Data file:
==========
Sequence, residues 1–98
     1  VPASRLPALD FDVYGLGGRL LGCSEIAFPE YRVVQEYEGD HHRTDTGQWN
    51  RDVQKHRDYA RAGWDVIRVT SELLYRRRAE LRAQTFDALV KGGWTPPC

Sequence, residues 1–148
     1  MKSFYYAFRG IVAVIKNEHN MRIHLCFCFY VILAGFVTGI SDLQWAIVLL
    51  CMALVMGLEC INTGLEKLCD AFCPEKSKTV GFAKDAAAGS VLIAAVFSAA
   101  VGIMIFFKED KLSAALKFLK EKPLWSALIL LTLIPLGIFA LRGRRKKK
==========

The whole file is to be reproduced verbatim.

Sequence, residues 1–98
     1  VPASRLPALD FDVYGLGGRL LGCSEIAFPE YRVVQEYEGD HHRTDTGQWN
    51  RDVQKHRDYA RAGWDVIRVT SELLYRRRAE LRAQTFDALV KGGWTPPC

Sequence, residues 1–148
     1  MKSFYYAFRG IVAVIKNEHN MRIHLCFCFY VILAGFVTGI SDLQWAIVLL
    51  CMALVMGLEC INTGLEKLCD AFCPEKSKTV GFAKDAAAGS VLIAAVFSAA
   101  VGIMIFFKED KLSAALKFLK EKPLWSALIL LTLIPLGIFA LRGRRKKK